If you are an integrated business, that is manufacturing products, handling the logistics using fleets of trucks and a network of owned warehouses before selling them in dozens of owned stores, you will have a lot more detail to provide than a retailer with a single sale point.
In any case, keep in mind that you don’t need to make this section any longer or shorter than it has to be. Any information you include here has to be relevant to your business’s core products and services.
Example of presentation of products and services in a business plan
Below is an example of how the products and services section of your business plan might look like. It includes a list of the services provided by the business and how each one is structured in terms of the processes.
This example was taken from one of our business plan templates.
What tools can you use to write your business plan?
In this section, we will review three solutions for writing a professional business plan:
- Using Word and Excel
- Hiring a consultant to write your business plan
- Utilizing an online business plan software
Create your business plan using Word and Excel
Creating a business plan using Word and Excel is old fashion, error prone, and (very) time consuming.
First of all, using Excel to create your financial forecast is only feasible if you have a degree in accounting and experience in financial modelling, because lenders are unlikely to trust the accuracy of your financial forecast otherwise.
Secondly, using Word means starting from scratch and formatting the document yourself once written - a process that is quite tedious. There are also no instructions or examples to guide you through each section making the overall process much longer than it needs to be.
Thirdly, for a business plan to be really useful it needs to be tracked against the company's actual financial performance and regularly updated which is a very manual process if you are using Excel.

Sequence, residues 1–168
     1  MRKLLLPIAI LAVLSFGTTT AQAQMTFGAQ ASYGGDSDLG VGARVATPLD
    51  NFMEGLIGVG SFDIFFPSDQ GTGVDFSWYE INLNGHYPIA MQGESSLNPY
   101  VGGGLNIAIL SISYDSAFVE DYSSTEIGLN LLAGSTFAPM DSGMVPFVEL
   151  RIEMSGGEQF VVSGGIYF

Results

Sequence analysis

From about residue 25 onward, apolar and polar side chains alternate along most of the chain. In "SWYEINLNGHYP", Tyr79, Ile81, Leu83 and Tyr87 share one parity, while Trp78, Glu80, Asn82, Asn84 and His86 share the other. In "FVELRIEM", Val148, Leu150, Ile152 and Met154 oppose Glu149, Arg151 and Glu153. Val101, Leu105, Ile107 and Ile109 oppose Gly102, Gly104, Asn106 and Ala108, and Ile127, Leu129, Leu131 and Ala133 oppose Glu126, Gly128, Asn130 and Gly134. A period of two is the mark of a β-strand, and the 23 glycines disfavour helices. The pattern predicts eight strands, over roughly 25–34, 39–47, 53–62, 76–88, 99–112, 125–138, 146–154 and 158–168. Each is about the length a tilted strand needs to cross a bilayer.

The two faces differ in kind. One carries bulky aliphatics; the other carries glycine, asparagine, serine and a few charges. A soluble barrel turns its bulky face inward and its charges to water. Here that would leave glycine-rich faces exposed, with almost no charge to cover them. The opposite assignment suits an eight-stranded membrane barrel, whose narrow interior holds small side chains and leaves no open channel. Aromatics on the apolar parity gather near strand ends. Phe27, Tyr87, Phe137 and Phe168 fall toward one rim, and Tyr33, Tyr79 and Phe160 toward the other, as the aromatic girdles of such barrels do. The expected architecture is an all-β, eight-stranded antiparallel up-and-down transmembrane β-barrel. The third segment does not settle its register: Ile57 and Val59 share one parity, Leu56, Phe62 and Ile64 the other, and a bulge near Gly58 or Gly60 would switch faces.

Hire a consultant to write your business plan
This is a good option if you have the budget for it - from experience you need to budget at least £1.5k ($2.0k) for a complete business plan, more if you need to make changes after the initial version (which happens frequently after the initial meetings with lenders).
Consultants are experienced in writing business plans and most of them adept at creating financial forecasts without errors. Furthermore, hiring a consultant can save you time and allow you to focus on the day-to-day operations of your business.
Use an online business plan software for your business plan
Another alternative is to use online business plan software.
There are several advantages to using specialized software:
- You are guided through the writing process by detailed instructions and examples for each part of the plan
- You can be inspired by already written business plan templates
- You can easily make your financial forecast by letting the software take care of the financial calculations for you without errors
- You get a professional document, formatted and ready to be sent to your bank
- The software will enable you to easily track your actual financial performance against your forecast and update your forecast as time goes by
If you're interested in using this type of solution, you can try our software for free by signing up here.